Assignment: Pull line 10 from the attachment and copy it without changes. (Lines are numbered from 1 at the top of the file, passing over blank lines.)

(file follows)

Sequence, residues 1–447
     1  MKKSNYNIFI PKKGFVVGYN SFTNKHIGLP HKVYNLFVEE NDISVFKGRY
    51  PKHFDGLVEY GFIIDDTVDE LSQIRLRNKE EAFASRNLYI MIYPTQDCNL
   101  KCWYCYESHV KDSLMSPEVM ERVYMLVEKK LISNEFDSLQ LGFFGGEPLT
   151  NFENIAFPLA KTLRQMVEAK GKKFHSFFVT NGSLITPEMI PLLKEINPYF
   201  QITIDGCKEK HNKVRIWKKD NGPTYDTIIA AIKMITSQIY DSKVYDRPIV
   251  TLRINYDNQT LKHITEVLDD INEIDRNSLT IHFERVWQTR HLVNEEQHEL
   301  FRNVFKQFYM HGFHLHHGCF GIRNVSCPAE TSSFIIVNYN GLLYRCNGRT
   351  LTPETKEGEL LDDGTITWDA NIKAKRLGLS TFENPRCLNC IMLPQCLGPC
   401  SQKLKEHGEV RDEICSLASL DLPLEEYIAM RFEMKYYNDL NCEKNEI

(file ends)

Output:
   401  SQKLKEHGEV RDEICSLASL DLPLEEYIAM RFEMKYYNDL NCEKNEI